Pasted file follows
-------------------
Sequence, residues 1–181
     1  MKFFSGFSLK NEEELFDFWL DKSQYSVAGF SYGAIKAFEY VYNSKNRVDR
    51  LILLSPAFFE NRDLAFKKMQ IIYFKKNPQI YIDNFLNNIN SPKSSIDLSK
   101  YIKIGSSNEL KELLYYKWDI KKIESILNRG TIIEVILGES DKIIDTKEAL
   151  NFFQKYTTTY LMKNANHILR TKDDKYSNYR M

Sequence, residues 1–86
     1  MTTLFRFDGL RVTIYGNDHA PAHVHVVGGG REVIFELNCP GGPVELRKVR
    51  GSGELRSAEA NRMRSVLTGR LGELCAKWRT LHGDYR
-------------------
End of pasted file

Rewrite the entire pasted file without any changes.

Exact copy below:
Sequence, residues 1–181
     1  MKFFSGFSLK NEEELFDFWL DKSQYSVAGF SYGAIKAFEY VYNSKNRVDR
    51  LILLSPAFFE NRDLAFKKMQ IIYFKKNPQI YIDNFLNNIN SPKSSIDLSK
   101  YIKIGSSNEL KELLYYKWDI KKIESILNRG TIIEVILGES DKIIDTKEAL
   151  NFFQKYTTTY LMKNANHILR TKDDKYSNYR M

Sequence, residues 1–86
     1  MTTLFRFDGL RVTIYGNDHA PAHVHVVGGG REVIFELNCP GGPVELRKVR
    51  GSGELRSAEA NRMRSVLTGR LGELCAKWRT LHGDYR